For instance, in the event of a puncture of the arterial wall by a catheter during a procedure , the defendant may argue that even if that was negligence the patient only had a 5% chance of survival. The argument then goes that patient probably was going to die anyway. As such, any negligence that may have been committed was really irrelevant.
This is a frequent defense raised in professional negligence claims and is frequently one that has some merit.The doctor may have been negligent, but the patient would have died anyhow. That is, the negligence may not have been a cause of injury since the patient may have suffered that injury in any event.
The question of proximate cause in most tort cases is to be resolved by the jury as the finder of fact in the case.In resolving that question the jury is called upon to decide whether the negligent conduct was a near cause,as opposed to a remote cause, of the injury. If the jury can answer that question in the affirmative then the plaintiff may be entitled to recover.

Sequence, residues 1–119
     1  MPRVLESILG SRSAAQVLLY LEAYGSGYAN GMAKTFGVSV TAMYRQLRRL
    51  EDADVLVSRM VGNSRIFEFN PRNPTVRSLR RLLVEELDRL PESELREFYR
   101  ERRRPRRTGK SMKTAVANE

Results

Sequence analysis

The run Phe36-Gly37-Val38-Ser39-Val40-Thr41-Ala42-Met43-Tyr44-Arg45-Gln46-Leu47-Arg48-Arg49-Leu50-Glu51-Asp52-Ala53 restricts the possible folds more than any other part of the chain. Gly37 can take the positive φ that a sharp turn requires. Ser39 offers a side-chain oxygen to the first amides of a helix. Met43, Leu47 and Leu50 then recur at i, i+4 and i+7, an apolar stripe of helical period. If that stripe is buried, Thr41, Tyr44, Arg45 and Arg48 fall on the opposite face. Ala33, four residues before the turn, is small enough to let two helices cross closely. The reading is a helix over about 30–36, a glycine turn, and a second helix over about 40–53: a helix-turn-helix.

Let’s look at another example. Suppose I throw a baseball to my son. He fails to catch the ball. The ball goes through a neighbor’s front window and out a back window. The ball then knocks over the outdoor grill that is behind the house. The grill rolls down the hill in the backyard and kills the neighbor who lives at the bottom of the hill. Am I liable for the neighbor’s death? To put it another way was my act of throwing the ball a proximate cause of the neighbor’s death? Probably not.The reason being is that it is more likely to be thought of as a remote cause of the death as opposed to a near cause.